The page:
Scott: You’re going to have to play a lot of help the helper to keep the ball from getting into the paint. That’s a lot of rotations, a lot of help, a lot of stunt and recover, where the guy with the ball sees one-and-a-half or two defenders every single time. You want to clog up the paint as much as possible and make the opponent take contested jump shots.

Julius Randle

MT: You just came off the floor from a workout with No. 7 overall pick Julius Randle. What have you seen from him so far in this gym?
Scott: I see a young man that's raw, but he has great feet and great quickness for his size, and he's strong as a bull. You can tell that he wants to get better. Next week we’ll have a better idea, because he’ll be in better shape and be able to work even harder. But I love those attributes, being strong, big and quick for his size. That’s a very good combination to have.

MT: Nobody at summer league could defend the Texas native 1-on-1, which you’d expect. He likes to face guys up from about 15 feet and drive by them, as he did consistently in Vegas, but has said he’s also comfortable posting guys up. How much influence do you want to have on his game, as opposed to letting it happen?
Scott: The one thing I’ve seen is that Julius can do both. He doesn’t mind banging in the post, but he’s also capable facing up from 15 feet and either going around someone or pulling up. Having that type of versatility is only going to make him better, especially with some of the things I want to do on offense.

MT: How do you account for a rookie like Randle that needs playing time to develop, when a guys like Boozer and Hill may have an edge based on their NBA experience in helping you win right way? Sort of a macro vs. micro look?
Scott: They can play together, because we're going to be small no matter what without a true center. Now, there aren’t many true centers in the whole league. But Julius will get plenty of chances to play a lot of minutes. We know he’s a rookie and needs to develop, and a lot of that will come in training camp and in practice. I think he’ll do just that.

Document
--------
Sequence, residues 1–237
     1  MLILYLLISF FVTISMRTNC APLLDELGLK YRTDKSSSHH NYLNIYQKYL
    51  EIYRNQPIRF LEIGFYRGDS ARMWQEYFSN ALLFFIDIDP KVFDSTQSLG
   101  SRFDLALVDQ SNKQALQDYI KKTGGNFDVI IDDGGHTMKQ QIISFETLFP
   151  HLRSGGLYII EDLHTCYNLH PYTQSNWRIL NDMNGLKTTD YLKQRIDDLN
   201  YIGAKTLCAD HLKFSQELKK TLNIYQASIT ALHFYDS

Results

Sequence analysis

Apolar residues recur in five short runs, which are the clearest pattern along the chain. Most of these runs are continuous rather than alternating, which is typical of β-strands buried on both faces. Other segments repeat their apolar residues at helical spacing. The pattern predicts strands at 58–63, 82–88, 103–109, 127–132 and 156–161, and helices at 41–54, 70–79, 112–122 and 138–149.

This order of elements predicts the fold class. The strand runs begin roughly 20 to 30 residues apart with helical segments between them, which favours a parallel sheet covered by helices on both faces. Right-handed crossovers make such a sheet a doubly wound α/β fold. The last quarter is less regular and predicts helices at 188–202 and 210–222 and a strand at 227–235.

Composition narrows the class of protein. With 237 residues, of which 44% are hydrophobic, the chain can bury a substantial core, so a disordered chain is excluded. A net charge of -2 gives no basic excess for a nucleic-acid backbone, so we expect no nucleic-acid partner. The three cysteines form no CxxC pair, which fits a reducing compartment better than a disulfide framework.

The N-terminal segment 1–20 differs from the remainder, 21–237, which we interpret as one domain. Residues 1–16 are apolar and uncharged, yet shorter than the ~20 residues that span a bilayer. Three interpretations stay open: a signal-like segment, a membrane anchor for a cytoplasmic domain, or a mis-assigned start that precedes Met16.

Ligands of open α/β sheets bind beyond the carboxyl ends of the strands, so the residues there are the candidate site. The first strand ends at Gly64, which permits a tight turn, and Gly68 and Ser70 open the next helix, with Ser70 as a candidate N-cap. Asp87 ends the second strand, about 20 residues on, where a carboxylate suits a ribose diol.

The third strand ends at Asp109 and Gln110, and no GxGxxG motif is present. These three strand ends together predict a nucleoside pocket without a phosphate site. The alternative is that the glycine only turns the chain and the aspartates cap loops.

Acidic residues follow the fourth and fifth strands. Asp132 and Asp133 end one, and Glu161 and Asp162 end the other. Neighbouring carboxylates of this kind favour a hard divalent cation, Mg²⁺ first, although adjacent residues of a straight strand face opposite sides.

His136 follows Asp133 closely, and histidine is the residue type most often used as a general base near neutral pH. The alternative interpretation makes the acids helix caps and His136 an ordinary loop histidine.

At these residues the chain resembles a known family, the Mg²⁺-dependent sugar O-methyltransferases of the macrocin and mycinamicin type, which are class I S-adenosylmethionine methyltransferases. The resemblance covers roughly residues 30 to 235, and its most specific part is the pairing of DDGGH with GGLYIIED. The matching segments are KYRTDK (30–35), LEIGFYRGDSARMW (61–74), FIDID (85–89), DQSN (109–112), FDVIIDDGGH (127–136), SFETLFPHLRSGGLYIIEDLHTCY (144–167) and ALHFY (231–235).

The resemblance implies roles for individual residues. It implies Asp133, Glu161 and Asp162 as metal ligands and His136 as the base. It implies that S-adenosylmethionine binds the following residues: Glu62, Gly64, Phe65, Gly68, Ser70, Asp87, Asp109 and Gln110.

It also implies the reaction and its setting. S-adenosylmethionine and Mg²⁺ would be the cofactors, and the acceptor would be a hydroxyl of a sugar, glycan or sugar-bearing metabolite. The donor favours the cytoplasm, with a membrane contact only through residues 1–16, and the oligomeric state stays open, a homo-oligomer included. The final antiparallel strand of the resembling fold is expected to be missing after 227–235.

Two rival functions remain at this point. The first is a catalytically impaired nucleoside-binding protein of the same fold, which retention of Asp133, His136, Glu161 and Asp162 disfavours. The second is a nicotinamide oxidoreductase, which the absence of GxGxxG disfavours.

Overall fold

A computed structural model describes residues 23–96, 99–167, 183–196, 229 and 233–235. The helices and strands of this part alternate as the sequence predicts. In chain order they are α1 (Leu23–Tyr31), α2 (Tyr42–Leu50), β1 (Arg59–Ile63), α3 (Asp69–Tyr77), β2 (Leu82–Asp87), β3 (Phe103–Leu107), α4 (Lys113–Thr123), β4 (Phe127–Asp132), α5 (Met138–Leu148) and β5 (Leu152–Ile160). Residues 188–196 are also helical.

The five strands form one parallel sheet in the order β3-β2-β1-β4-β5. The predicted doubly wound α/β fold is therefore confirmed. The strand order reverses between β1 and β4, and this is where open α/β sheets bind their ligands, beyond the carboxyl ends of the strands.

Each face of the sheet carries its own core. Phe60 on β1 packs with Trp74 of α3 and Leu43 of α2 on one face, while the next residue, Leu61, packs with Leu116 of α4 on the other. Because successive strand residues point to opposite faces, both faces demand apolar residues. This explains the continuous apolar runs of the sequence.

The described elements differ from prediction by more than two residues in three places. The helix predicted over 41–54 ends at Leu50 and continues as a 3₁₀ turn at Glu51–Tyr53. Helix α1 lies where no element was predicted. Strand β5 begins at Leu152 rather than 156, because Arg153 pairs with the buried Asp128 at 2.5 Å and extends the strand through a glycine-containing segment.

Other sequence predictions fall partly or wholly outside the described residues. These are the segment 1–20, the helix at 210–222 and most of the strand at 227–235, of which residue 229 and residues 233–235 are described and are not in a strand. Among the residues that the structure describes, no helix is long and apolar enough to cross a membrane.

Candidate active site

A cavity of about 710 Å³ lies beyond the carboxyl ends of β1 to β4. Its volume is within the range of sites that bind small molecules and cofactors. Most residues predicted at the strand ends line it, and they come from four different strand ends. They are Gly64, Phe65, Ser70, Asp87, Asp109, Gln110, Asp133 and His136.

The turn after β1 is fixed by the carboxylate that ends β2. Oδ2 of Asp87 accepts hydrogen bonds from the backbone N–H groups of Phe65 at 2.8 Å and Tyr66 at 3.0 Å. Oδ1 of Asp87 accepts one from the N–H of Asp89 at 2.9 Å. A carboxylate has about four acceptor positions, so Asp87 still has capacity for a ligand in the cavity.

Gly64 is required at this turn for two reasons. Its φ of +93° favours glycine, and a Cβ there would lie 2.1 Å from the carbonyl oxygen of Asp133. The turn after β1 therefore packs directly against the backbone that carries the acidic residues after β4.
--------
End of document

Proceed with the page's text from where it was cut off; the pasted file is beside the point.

MT: How do you like to practice …
Scott: (Interjects, laughing) Hard. But it’s a balance. You have to understand your players, be able to read them and what they need. I will very rarely practice after a back to back, for example. Or if we have three days before a game, that will dictate how we practice to make sure guys are getting the rest they need.

MT: It depends how we define the term, but are you a player’s coach?
Scott: I think I am a player's coach. I like to give my players a lot of freedom, especially offensively. Defensively, I’m pretty demanding because I want it done a certain way and I want guys to compete every night and get after people. If we defend and rebound the floor, we get to run up the floor, and that’s the fun part. I want guys to have that freedom for the fun part … within the system, of course. But I do think I’m a player’s coach because I've been there myself playing at a high level. I understand that your body gets tired and you need to be away from the gym. I try to take it all into consideration, remembering how hard it is from my playing days.

MT: Are you almost done putting your staff together?
Scott: Hopefully we will figure out the staff by the end of this week. Obviously (GM) Mitch (Kupchak) has to get everybody signed and things like that.

MT: By the way, your son Thomas has worked in various capacities on your staffs in New Orleans and Cleveland, and was an assistant coach with the D-Fenders last season. I know you’d love to have him involved here on your staff once again…